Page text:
Tuesday, December 15, 2009

Tweet, tweet, bang, bang

So, clearly I haven't been arrested, which was my concern after my last post. The "tree" is a mangled, mangy hemlock that was "borrowed" from the railroad company. A lot of trimming was done, so that this "tree" could fit into the our very old, farmy livingroom. I should also point out that I had to pull about 900 prickers out of my legs and hands because the getting of said tree involved several bouts with puckerbrush, barberry bushes, and, of course, railroad spikes.
I swear, I will need a tetanus shot by the end of the year. Country Living, eat your heart out. This is the real f***ing deal right here.
When the kids came home from school and saw the tree, there were a lot of questions.
For instance:
"What's wrong with it?"
"Where did you get this thing? China?"
"Will it hold ornaments?"
"Is this the one we're gonna use until we get a real one?"
The conversation continued in this humiliating vein until the lights were on the thing. What tree doesn't look magical with lights? The children were placated with garland, ornaments, and the hope that under this vagabond evergreen would lie thousands of presents.
They are in for a huge surprise. Sigh...
That's o.k. This will be the year that they learn about the true meaning of Christmas, Charlie Brown style, and next year, if things are a little more prosperous, I'll set aside a little nest egg for therapy when they approach their
Again, sigh....
Please feel free to share your Christmas/holiday in poverty stories via the comments option. I will be thrilled to read them.


  1. Christmas in poverty...oh let me tell you. the past two years my family has opted for a "yankee swap" type gift exchange. last year, every single person purchased some sort of kitchen appliance, except for me, i bought an an expensive box of delicious chocolates. this yankee swap occurred a mere three weeks after I'd been laid off and forced to pack up my life and move back in with my parents. awesome to go home from family Christmas with a new kitchen gadget. my options were a) pack it away with the rest of my kitchen what nots, or b) give it to my mom, for her kitchen. both options involved me watching my sister devouring the box of chocolates with her friends.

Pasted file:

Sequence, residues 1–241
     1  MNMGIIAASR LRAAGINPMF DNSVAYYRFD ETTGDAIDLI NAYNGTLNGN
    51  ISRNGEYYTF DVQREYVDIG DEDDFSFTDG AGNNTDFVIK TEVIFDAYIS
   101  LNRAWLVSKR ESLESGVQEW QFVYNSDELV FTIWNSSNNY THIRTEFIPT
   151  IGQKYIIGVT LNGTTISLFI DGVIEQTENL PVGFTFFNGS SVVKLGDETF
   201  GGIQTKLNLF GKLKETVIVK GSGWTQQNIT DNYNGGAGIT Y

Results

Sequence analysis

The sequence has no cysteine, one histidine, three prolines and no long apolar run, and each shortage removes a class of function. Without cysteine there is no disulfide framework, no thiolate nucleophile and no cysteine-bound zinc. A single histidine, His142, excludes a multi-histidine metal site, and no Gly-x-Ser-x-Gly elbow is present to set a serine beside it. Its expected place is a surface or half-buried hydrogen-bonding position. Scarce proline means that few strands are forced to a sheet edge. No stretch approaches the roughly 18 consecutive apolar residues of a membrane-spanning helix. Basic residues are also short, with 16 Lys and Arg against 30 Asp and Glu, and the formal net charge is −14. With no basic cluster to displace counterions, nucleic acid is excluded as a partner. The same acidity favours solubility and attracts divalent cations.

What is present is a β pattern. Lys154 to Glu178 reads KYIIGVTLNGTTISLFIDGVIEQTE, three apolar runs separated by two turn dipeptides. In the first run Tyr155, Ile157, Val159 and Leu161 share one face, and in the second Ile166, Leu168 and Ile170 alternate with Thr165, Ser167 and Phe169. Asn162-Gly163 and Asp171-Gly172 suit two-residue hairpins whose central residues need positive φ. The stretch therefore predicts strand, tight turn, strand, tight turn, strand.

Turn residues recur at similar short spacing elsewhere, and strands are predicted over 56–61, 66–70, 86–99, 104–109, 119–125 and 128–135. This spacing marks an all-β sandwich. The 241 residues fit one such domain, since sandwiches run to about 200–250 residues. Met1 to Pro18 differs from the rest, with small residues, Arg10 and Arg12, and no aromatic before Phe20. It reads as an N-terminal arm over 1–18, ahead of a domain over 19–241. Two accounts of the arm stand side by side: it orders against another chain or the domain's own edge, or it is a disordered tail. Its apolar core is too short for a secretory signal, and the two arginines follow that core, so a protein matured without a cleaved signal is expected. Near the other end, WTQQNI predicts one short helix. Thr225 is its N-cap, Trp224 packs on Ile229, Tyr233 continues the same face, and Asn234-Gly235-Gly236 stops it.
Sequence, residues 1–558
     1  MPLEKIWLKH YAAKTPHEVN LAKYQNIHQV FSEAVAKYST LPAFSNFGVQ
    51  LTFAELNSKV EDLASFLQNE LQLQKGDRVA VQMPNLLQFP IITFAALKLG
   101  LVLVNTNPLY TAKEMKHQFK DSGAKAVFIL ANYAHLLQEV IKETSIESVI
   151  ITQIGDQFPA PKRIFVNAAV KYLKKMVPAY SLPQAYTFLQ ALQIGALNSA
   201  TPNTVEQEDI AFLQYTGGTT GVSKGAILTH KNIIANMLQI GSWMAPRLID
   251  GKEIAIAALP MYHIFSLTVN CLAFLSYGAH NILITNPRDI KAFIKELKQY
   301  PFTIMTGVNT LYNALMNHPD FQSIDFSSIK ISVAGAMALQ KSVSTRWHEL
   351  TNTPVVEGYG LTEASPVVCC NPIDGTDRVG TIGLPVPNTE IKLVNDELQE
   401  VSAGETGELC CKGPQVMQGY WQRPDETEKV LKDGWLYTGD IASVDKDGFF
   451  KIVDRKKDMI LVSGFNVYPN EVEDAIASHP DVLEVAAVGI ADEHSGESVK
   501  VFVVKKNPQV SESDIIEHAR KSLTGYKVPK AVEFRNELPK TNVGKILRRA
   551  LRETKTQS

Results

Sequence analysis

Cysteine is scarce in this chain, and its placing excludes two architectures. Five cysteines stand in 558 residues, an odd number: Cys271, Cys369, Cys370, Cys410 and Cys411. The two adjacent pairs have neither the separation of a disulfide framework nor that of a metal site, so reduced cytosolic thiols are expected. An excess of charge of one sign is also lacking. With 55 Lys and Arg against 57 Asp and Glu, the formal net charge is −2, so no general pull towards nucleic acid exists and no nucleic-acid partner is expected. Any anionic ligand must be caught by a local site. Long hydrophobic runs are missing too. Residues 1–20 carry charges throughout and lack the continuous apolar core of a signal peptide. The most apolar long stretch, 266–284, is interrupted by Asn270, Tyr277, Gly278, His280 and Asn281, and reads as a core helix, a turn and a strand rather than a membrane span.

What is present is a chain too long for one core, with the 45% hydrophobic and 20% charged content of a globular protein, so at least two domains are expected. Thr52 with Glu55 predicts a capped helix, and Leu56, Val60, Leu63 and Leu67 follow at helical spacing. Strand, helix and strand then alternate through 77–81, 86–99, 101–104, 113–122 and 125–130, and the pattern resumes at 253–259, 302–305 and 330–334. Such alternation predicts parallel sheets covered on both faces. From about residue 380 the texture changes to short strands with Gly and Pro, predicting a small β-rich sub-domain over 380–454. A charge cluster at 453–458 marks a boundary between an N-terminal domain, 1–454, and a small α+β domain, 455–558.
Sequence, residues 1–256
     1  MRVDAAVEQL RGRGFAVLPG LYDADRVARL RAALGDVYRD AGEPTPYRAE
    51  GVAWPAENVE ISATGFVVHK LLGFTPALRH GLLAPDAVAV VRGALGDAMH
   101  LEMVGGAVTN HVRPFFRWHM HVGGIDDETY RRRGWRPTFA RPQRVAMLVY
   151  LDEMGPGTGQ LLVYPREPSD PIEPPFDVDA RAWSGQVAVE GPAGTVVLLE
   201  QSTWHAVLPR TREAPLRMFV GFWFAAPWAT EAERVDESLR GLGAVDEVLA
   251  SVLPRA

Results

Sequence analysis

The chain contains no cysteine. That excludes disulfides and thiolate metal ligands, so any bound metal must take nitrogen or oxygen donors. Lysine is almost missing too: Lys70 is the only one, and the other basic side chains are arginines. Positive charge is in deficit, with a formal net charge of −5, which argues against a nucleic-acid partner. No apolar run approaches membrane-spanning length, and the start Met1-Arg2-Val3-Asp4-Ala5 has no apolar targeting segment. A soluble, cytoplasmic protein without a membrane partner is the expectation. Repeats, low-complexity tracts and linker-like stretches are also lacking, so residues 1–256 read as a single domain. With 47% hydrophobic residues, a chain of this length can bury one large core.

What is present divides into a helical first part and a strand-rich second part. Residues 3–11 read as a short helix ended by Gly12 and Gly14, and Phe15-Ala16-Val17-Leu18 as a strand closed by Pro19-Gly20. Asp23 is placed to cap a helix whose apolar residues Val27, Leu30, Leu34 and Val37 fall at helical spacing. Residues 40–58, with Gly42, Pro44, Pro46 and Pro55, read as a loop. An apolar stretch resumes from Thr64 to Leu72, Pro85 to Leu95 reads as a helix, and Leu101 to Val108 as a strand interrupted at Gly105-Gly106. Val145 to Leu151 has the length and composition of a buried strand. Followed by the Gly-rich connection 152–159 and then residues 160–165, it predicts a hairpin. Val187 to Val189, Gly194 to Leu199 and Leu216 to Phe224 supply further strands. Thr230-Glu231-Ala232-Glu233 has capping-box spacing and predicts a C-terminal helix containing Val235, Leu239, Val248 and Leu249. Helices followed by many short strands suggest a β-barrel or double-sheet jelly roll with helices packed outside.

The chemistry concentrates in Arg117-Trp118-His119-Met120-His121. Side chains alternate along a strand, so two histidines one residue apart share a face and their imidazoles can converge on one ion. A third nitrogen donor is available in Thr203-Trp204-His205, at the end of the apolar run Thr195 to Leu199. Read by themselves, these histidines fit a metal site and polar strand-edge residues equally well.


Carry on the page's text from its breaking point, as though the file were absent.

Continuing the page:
...merry christmas.

  2. ah the memories! how about the time my dad wrapped a book right off the shelf. yeah, it was there and then it wasn't, merry christmas to me, not. and no judy blume either, probably william saroyan, or some other must read for a 12 year old. i know he meant well but really, a book, off the shelf, i'm observant, ya couldn't at least get one from a friends house?

  3. Thanks for the comments ladies. I hope this string continues. Ashley, sorry you had to pick up your life, which is always fun. I've been doing a lot of that lately and dropping little pieces of it out of my metaphorical suitcase. Not fun. But Merry Christmas anyway!
    And Caitlin, that is hilarious. Sounds like something my dad would do, only with like a chipped mug or something...or an old chainsaw.